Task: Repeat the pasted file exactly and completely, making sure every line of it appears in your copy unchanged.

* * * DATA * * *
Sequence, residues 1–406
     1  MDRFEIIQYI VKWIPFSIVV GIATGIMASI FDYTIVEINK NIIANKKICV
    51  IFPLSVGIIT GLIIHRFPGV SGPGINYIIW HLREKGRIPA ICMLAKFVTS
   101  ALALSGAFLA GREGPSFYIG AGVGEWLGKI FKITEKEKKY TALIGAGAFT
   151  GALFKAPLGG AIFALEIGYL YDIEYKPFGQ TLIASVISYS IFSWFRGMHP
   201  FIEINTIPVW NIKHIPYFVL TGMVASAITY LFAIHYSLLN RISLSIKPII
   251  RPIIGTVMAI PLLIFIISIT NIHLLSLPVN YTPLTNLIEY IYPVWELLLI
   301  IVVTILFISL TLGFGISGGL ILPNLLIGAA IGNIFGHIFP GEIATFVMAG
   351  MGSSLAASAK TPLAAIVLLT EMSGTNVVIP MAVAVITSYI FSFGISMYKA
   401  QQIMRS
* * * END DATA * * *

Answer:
Sequence, residues 1–406
     1  MDRFEIIQYI VKWIPFSIVV GIATGIMASI FDYTIVEINK NIIANKKICV
    51  IFPLSVGIIT GLIIHRFPGV SGPGINYIIW HLREKGRIPA ICMLAKFVTS
   101  ALALSGAFLA GREGPSFYIG AGVGEWLGKI FKITEKEKKY TALIGAGAFT
   151  GALFKAPLGG AIFALEIGYL YDIEYKPFGQ TLIASVISYS IFSWFRGMHP
   201  FIEINTIPVW NIKHIPYFVL TGMVASAITY LFAIHYSLLN RISLSIKPII
   251  RPIIGTVMAI PLLIFIISIT NIHLLSLPVN YTPLTNLIEY IYPVWELLLI
   301  IVVTILFISL TLGFGISGGL ILPNLLIGAA IGNIFGHIFP GEIATFVMAG
   351  MGSSLAASAK TPLAAIVLLT EMSGTNVVIP MAVAVITSYI FSFGISMYKA
   401  QQIMRS